Spring is officially over but before you move on into summer, take a moment to reflect on the season that has just passed. Here are five of our best posts from the spring. Each focuses on a different method of support to help you run a successful neurology practice. Enjoy these 2018 spring highlights.
It’s easy to fall into the trap of thinking there is a single model for practicing neurology—try to see as many patients as you can fit into a day without sacrificing quality of care. But the practice of neurology has been complicated with increasing insurance and regulatory requirements. Find out how a health coach can help boost the efficiency of your office and improve patient care. READ MORE >
When was the last time you called your own front desk to see how your staff come across? They are your proxy, and the first impression they make matters. Neurologist Brad Klein, MD, MBA, talks about this and the myriad ways the people at your front desk contribute to the success of your practice. When you make the most of them, you can focus on what you do best—being a doctor. READ MORE >
This spring at the 2018 meeting of the American Academy of Neurology (AAN) a new group officially emerged onto the neurology landscape: Advanced Practice Providers (APP). Largely due to the country-wide shortages of neurologists, APPs have been joining neurology practices in increasing numbers. Calli Cook MSN, FNP-C, chair of the newly formed Consortium of Neurology Advanced Practice Providers talks about the value APPs can bring to your practice. READ MORE >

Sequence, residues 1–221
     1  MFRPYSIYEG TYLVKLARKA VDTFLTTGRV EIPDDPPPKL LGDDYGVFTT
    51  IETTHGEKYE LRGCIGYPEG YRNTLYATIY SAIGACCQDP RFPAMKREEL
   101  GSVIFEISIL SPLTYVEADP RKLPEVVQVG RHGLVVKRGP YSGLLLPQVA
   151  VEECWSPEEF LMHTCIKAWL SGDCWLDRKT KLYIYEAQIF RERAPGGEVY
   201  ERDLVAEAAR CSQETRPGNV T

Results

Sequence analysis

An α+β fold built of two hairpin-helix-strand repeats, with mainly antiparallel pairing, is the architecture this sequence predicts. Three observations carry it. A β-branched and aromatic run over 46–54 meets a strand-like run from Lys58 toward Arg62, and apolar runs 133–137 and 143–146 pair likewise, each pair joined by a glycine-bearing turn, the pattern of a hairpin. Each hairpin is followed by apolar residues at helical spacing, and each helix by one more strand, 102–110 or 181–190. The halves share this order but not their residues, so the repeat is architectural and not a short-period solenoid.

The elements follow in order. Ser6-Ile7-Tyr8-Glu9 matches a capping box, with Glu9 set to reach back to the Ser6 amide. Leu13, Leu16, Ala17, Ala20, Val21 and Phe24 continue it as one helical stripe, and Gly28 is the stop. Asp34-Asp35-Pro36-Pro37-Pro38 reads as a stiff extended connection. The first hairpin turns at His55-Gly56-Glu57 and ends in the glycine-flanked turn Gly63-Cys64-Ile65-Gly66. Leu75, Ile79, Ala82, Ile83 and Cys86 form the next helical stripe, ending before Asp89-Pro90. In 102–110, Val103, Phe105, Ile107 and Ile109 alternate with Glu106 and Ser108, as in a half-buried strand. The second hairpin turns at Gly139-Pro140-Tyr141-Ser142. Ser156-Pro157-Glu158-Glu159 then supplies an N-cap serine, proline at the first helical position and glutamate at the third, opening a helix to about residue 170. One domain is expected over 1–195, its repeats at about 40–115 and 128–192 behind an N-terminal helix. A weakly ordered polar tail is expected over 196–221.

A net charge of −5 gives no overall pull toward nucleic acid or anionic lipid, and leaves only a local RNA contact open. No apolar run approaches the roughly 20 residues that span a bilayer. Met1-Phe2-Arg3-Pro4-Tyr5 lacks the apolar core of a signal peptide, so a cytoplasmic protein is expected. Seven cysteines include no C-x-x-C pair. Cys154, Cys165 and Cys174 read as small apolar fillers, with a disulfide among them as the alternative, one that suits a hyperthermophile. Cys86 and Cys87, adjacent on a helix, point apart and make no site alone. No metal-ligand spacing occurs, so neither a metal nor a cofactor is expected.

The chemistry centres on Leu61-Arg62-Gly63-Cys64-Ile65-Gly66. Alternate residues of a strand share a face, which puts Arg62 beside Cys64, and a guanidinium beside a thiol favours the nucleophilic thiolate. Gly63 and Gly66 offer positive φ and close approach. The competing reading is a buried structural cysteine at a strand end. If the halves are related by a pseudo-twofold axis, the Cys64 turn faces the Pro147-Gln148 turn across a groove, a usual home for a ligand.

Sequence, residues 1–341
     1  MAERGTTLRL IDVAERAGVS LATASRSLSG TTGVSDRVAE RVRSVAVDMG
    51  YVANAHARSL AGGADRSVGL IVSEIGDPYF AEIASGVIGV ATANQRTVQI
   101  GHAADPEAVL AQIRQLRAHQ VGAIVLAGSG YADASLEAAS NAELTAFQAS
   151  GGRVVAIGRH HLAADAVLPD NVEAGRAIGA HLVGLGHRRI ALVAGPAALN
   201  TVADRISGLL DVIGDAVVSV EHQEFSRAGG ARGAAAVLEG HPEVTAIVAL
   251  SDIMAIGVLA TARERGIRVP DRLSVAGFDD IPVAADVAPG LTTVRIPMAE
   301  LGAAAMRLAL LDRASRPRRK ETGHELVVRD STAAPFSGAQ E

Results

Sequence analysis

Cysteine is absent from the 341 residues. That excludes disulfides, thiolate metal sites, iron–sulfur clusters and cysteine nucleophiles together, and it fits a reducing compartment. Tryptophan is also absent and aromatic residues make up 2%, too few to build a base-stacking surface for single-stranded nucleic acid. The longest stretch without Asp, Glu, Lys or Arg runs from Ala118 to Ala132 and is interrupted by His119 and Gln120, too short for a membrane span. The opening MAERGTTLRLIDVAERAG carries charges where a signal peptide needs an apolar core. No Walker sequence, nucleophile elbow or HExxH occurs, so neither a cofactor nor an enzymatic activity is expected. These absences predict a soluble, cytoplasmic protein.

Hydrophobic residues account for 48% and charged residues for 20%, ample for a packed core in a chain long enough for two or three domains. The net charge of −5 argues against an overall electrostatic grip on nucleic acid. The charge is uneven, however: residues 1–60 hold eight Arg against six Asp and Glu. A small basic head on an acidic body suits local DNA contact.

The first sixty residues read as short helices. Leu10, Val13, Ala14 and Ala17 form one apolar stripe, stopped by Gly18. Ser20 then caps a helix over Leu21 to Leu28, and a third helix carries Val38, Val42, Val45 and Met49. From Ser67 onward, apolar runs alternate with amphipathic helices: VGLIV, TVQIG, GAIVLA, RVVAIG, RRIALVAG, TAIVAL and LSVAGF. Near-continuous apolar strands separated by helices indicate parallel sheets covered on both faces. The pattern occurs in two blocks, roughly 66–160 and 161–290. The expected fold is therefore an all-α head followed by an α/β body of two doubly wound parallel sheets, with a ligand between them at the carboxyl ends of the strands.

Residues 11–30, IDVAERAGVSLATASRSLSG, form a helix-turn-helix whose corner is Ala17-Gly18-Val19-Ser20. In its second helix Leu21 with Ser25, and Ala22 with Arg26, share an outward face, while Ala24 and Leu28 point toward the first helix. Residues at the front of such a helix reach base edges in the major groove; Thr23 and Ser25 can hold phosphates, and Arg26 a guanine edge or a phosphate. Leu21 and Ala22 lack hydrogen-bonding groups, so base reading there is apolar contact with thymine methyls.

David Evans, MBA, the CEO of a large neurology private practice, along with Calli Leighann Cook, FNP-C, a neurology nurse practitioner, say their experience using patient portals has allowed them to simultaneously improve patient care and work efficiency. In a talk they gave together this spring at the annual meeting of the American Association of Neurology, they also shared ways that patient portals can actually save a practice money. READ MORE >
Burnout is more than just a touchy-feely problem tied to the shoulders of those who struggle with it. It is becoming a national health crisis and there are real financial consequences. Neurologist Heidi Schwarz, MD, helps us understand where these costs come from and how they can be remedied. READ MORE >